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from www.studlife.com – “As St. Francis said, where there is hate f—, let there be love,” porn star Lance Hart declared, to the amusement of a crowd of students that filled Graham Chapel Friday evening.
Hart and fellow adult film stars Tori Black and James Deen answered questions as a part of a Sex Week panel event, moderated by Susan Stiritz, a professor of sexuality studies.
Hart, a former software salesman, both acts in and films pornography usually targeted at specific fetishes and kinks. Black, currently expecting her second child, is more known for mainstream porn.
She is the first performer ever to win two Adult Video News Female Performer of Year Awards. Much of Deen’s work is popular with women and teenagers, earning him the moniker “the Ryan Gosling of porn.”
Despite the absence of retired porn star Sasha Grey, whom the Student Health Advisory Committee (SHAC) initially booked to speak on the panel, students arriving late were turned away because the event had reached capacity.
The questions, selected from a predetermined list submitted by both students and sexual health experts contacted by Stiritz, ranged from whether porn sets unrealistic standards for its viewers to the most interesting sexual experience each of the panelists has had. The latter was the source of Hart’s St. Francis remark, which referred to a personal experience with “hate sex.” Deen, smiling rakishly, revealed that he once tied a naked woman to a water tower.
Not among the topics discussed, however, was Deen’s public opposition to Los Angeles County’s Measure B, passed in November, which requires adult film actors to wear condoms while performing sex acts.
SHAC declined to comment on the planning of the panel, but according to the Sex Week FAQ on the organization’s website, the purpose of the panel was to foster dialogue about aspects of the porn industry that are not typically discussed, such as sexual health.
In response to a question about how the porn industry addresses the topic of race, Black, a white woman, recounted her own experience being encouraged to delay filming scenes in which she was performing with a black man so that she could charge a higher fee for interracial scenes.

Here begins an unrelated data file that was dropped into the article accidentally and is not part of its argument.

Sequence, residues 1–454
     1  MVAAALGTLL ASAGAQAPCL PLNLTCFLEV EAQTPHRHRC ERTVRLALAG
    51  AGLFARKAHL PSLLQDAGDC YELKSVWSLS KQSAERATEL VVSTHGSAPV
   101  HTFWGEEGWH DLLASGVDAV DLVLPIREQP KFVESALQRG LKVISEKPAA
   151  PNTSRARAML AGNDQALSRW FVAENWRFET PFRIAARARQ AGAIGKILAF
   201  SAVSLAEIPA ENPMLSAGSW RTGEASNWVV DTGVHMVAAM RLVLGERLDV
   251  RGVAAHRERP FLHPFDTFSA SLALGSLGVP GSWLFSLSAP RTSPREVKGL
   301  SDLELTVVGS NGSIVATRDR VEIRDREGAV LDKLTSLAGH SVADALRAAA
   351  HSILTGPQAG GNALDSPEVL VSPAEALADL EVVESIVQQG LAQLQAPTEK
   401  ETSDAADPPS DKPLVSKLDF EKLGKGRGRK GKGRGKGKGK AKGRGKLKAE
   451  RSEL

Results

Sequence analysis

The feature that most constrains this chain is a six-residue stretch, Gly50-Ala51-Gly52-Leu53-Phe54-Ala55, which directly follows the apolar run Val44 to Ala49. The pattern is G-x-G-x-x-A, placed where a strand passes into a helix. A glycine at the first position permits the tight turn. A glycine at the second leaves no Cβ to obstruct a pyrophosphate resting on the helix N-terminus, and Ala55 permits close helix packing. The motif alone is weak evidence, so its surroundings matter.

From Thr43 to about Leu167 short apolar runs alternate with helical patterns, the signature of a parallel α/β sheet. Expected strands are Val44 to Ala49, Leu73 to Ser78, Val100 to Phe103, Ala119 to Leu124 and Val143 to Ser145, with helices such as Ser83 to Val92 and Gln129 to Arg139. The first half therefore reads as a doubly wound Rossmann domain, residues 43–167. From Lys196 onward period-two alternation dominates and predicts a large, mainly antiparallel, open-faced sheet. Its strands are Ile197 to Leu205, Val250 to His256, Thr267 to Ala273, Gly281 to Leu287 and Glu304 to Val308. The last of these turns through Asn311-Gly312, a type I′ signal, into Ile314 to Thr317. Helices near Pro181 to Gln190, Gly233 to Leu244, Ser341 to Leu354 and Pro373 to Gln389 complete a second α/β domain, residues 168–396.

“It’s pretty incredible that there are a lot of girls in the industry that do charge more [for interracial scenes], and I think that’s disgusting,” Black said.
Black’s fiance, African-American porn director Lyndell Anderson, was also present and addressed the audience twice during the panel.
“In a nutshell, we turn the lights off—we’re all black anyway…I don’t think there’s an all-white type of porn or an all-black type of porn. It’s what you like,” Anderson said.
The final question of the night, seeking advice from the panelists about getting involved in the adult film industry, caused a stir among students in the audience.
When Deen asked students who might be interested in becoming porn stars to stand up, only three students did so. Black cautioned against rushing into the industry, noting the difficulty of keeping a career in adult entertainment a secret.
“I thought most of the questions were really good except for the last one. That’s not very applicable to…most people there [at the panel], considering there were three people who raised their hands, and most of them were probably joking,” junior Varun Sablok said.
Most students seemed to enjoy the panel as most of the panelists’ responses were punctuated by applause and laughter from the audience.
“I really liked the panelists. They played off of each other really well, and they told entertaining stories,” junior Colin Rice said.
Motivations for attending the panel varied among students in the audience.
“I have a lot of friends [involved] in Sex Week planning, and they told me to come,” Rice said.
“I don’t know anything about the porn industry,” said sophomore Nicole Ahmed, “so I was curious.”